NIST Survey Suggests Online Users Suffer from Security Fatigue
Time 2 Minute Read

A recent study from the National Institute of Standards and Technology (“NIST”) warns that an overabundance of computer security measures might actually lead users to engage in “risky computing behavior at work and in their personal lives.”

Researchers conducted qualitative interviews with respondents ranging in age from 20 to mid-60s and of various geographic and employment backgrounds, regarding their perception of and beliefs about cybersecurity and online privacy. Researchers found that many respondents were suffering from “security fatigue,” defined as “a weariness or reluctance to deal with computer security.” The feeling of being asked to make more computer security decisions than they were able to manage (e.g., remembering a different password for every website requiring user login) resulted in respondents engaging in higher-risk online behavior, including using the same password for multiple websites and choosing the easiest security option among alternatives. Researchers also found that, in some cases, security fatigue could cause a user to abandon online activity altogether, such as failing to complete an online purchase because he or she felt frustrated with the security measures for creating or accessing an online account.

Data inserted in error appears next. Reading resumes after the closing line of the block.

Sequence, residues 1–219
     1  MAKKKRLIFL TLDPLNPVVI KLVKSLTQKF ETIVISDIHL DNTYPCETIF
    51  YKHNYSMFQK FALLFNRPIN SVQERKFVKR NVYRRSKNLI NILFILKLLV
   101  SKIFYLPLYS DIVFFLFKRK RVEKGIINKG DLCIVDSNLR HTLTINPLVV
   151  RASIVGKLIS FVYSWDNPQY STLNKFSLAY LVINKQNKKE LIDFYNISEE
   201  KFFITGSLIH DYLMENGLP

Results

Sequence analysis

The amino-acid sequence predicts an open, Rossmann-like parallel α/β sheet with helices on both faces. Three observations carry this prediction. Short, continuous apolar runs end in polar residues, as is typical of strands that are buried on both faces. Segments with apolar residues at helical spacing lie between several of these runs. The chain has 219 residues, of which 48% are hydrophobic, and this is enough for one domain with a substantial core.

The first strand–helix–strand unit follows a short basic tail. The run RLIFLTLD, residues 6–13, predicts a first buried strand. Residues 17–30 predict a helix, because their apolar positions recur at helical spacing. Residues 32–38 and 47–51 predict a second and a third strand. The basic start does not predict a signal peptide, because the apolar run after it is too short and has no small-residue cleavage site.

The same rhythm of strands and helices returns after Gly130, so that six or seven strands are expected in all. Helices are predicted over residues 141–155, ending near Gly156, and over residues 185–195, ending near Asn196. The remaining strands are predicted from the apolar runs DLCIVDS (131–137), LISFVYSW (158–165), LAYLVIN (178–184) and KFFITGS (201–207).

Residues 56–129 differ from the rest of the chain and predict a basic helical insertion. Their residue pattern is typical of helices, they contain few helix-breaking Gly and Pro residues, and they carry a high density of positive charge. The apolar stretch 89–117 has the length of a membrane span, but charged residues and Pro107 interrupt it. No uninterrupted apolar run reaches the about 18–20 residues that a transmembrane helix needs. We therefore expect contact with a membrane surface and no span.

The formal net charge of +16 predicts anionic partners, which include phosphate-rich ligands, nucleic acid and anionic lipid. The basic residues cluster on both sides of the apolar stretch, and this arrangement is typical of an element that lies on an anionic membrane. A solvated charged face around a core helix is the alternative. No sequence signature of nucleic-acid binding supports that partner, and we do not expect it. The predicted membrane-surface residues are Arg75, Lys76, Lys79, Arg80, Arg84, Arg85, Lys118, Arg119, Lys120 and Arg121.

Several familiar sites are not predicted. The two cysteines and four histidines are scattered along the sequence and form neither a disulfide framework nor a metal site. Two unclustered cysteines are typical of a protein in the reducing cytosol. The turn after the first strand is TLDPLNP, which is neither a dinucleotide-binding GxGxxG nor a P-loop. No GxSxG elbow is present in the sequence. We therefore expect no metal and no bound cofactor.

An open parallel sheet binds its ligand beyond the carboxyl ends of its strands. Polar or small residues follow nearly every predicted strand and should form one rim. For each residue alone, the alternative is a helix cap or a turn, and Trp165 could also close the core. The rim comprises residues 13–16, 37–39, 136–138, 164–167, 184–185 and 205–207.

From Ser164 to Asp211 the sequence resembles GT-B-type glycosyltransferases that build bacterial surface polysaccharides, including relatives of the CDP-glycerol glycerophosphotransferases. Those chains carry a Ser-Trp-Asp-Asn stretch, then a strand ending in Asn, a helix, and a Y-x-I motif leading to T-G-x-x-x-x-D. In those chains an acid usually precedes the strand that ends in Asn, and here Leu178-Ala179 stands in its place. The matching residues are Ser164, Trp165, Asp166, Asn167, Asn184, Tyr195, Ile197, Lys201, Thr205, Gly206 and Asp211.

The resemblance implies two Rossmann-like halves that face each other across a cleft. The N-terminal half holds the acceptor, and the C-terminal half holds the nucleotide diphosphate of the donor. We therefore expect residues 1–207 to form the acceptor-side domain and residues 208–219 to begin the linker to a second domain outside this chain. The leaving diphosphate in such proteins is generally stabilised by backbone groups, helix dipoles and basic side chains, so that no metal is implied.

The study also uncovered a sense of hopelessness among respondents with respect to how they could effectively protect their data given the perceived frequency with which large organizations suffer cyber attacks. Many respondents believed that responsibility for computer security and protecting user data should fall to the entity with which they interact online (e.g., a bank or online retailer).

In a press release, the NIST noted that security fatigue can expose Internet users and the networks they access to security risks and can result in lost customers for businesses. The researchers suggest three ways to alleviate security fatigue and ensure that users follow secure online practices, both in their professional and personal lives:

  • limit the number of security decisions that users must make;
  • simplify users’ ability to choose the right security action; and
  • design for consistent decision making whenever possible.

Researchers intend to conduct additional interviews to further clarify computer security attitudes and behaviors.


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